Legal Professions at Drexel University
Drexel is located in Philadelphia, Pennsylvania and approximately 23,589 students attend the school each year. In the 2020-2021 academic year, 26 students received a bachelor's degree in legal professions from Drexel.
Want to know more about the career opportunities in this field? Check out the Careers in Legal Professions section at the bottom of this page.
Drexel Legal Professions Degrees Available
- Bachelor’s Degree in Legal Professions
- Master’s Degree in Legal Professions
- Doctorate Degree in Legal Professions
Online Classes Are Available at Drexel
If you are a working student or have a busy schedule, you may want to consider taking online classes. While these classes used to be mostly populated by returning adults, more and more traditional students are turning to this option.
For those who are interested in distance learning, Drexel does offer online courses in legal professions for the following degree levels:
Drexel Legal Professions Rankings
The following rankings from College Factual show how the legal professions progam at Drexel compares to programs at other colleges and universities.
Note: Rankings don't always give a complete picture of a school's strengths and weaknesses, so it's a good idea to extend your research and also look at other factors when trying to decide if the school is right for you.
Bachelor’s Degree Overall Quality & Other Notable Rankings
The legal professions major at Drexel is not ranked on College Factual’s Best Colleges and Universities for Legal Professions. This could be for a number of reasons, such as not having enough data on the major or school to make an accurate assessment of its quality.
|Most Popular Legal Professions Graduate Certificate Schools||53|
|Best Value Legal Professions Doctor’s Degree Schools||138|
Legal Professions Student Demographics at Drexel
Take a look at the following statistics related to the make-up of the legal professions majors at Drexel University.
Drexel Legal Professions Bachelor’s Program
Prospective students may be interested in knowing that this school graduates 13% more racial-ethnic minorities in its legal professions bachelor's program than the national average.*
The following table and chart show the race/ethnicity for students who recently graduated from Drexel University with a bachelor's in legal professions.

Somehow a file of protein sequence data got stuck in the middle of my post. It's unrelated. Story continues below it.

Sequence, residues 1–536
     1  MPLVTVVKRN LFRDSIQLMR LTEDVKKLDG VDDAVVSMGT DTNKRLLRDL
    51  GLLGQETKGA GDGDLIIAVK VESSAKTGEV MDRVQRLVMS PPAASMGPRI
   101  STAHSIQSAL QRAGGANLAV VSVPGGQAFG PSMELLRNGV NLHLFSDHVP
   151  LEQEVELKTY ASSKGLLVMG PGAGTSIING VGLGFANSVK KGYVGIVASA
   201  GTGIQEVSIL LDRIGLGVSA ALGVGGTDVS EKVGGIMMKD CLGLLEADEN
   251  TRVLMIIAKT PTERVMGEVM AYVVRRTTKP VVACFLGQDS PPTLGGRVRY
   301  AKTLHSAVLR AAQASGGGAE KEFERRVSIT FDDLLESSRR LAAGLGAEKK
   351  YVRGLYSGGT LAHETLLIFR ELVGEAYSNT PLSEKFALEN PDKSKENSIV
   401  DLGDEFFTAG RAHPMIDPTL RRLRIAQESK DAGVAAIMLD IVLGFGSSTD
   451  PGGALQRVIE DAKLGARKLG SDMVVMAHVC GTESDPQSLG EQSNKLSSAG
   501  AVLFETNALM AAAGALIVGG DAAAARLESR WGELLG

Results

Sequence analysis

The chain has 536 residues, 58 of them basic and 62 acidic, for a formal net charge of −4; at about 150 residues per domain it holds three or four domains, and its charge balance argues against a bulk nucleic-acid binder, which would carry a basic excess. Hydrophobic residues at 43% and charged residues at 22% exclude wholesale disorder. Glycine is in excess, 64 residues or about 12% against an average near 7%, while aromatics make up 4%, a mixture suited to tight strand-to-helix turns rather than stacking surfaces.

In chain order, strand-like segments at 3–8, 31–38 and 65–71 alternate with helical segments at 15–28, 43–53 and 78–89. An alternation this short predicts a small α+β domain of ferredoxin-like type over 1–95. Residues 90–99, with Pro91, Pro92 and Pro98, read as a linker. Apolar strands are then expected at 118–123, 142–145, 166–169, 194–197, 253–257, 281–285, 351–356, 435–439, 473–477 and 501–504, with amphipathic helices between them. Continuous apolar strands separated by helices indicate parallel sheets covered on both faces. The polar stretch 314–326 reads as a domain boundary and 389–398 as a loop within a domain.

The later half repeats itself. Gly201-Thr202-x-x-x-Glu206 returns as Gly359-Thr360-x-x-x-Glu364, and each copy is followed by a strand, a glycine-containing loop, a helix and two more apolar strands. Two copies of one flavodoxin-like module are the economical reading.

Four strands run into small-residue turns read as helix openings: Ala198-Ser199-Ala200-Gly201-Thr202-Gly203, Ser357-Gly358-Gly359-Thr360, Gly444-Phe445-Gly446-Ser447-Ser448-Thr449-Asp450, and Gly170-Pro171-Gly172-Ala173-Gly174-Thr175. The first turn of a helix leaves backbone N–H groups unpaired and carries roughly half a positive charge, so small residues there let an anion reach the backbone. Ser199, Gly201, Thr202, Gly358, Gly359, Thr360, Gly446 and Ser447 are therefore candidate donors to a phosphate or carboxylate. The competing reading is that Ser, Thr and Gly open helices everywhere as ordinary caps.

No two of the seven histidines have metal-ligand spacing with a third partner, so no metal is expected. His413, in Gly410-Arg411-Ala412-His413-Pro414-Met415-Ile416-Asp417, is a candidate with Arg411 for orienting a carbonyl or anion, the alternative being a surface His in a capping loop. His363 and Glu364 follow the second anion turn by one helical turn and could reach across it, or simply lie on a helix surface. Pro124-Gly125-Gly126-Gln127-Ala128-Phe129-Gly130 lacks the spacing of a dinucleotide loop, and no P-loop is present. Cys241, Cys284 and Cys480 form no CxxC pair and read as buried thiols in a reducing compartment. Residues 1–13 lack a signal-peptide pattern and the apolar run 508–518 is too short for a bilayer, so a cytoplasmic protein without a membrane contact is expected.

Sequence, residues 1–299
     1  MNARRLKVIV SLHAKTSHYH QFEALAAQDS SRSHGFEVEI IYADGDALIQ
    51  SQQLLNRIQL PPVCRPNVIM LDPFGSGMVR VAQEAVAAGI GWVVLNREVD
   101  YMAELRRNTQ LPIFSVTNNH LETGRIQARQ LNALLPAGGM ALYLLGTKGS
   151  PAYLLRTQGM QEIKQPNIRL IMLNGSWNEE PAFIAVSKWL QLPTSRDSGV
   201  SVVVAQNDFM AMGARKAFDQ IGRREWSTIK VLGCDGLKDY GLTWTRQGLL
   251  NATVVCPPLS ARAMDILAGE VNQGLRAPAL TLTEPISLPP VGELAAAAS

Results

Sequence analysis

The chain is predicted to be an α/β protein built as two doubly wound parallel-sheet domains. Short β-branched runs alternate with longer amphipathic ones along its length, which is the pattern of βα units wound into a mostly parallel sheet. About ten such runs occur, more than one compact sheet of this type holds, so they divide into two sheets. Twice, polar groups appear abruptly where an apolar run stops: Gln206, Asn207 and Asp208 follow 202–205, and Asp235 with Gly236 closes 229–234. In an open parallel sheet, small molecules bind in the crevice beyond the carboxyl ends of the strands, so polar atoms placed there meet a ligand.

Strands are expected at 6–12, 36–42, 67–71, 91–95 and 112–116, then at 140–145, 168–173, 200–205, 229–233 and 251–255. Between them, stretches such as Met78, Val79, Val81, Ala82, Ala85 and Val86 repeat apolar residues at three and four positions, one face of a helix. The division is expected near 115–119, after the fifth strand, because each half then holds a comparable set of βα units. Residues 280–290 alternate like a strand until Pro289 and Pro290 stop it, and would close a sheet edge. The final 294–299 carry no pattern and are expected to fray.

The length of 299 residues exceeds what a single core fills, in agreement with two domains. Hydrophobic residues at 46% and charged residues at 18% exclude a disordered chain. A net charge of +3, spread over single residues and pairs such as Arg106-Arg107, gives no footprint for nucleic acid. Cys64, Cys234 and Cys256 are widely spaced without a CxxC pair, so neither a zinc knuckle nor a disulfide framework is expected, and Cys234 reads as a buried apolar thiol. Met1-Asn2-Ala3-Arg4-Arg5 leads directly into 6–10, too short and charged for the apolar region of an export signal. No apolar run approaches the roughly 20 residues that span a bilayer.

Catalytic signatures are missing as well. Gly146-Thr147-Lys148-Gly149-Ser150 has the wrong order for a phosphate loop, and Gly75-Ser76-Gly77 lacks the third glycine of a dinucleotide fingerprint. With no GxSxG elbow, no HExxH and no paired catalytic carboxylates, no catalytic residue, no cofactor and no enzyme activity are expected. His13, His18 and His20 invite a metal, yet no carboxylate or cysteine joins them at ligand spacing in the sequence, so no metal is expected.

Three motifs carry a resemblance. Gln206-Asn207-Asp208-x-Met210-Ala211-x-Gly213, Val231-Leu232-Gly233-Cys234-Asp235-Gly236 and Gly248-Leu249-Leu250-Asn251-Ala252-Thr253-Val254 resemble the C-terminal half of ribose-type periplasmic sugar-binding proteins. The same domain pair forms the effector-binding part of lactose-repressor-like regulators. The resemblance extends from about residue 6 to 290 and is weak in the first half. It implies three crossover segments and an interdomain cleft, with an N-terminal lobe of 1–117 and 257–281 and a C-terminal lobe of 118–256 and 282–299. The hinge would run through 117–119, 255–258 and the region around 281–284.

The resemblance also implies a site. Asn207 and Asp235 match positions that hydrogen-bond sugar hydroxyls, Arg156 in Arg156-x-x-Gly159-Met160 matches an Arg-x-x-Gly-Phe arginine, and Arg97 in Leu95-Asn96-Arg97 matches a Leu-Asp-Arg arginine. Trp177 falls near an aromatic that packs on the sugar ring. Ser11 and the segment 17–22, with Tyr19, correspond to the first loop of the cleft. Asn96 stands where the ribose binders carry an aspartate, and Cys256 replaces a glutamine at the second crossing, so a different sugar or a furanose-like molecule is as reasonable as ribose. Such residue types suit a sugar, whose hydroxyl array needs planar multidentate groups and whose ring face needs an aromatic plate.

|Race/Ethnicity||Number of Students|
|Black or African American||1|
|Hispanic or Latino||2|
Drexel Legal Professions Master’s Program
In the legal professions master's program at this school, racial-ethnic minorities make up 48% of degree recipients. That is 15% better than the national average.*
The following table and chart show the race/ethnicity for students who recently graduated from Drexel University with a master's in legal professions.
|Race/Ethnicity||Number of Students|
|Black or African American||16|
|Hispanic or Latino||1|
Drexel also has a doctoral program available in legal professions. In 2021, 167 students graduated with a doctor's degree in this field.
Concentrations Within Legal Professions
If you plan to be a legal professions major, you may want to focus your studies on one of the following concentrations. The table shows all degrees awarded in this field awarded for all degree levels at Drexel University. A concentration may not be available for your level.
|Concentration||Annual Degrees Awarded|
- Homeland Security, Law Enforcement & Firefighting
- Public Administration & Social Service
- Parks, Recreation, Leisure, & Fitness Studies
Careers That Legal Professions Grads May Go Into
A degree in legal professions can lead to the following careers. Since job numbers and average salaries can vary by geographic location, we have only included the numbers for PA, the home state for Drexel University.
|Occupation||Jobs in PA||Average Salary in PA|
|Paralegals and Legal Assistants||12,440||$52,780|
|Title Examiners, Abstractors, and Searchers||2,050||$46,170|
|Judicial Law Clerks||1,070||$40,550|
*The racial-ethnic minorities count is calculated by taking the total number of students and subtracting white students, international students, and students whose race/ethnicity was unknown. This number is then divided by the total number of students at the school to obtain the racial-ethnic minorities percentage.
- College Factual
- National Center for Education Statistics
- O*NET Online
- Image Credit: By Daderot under License
More about our data sources and methodologies.
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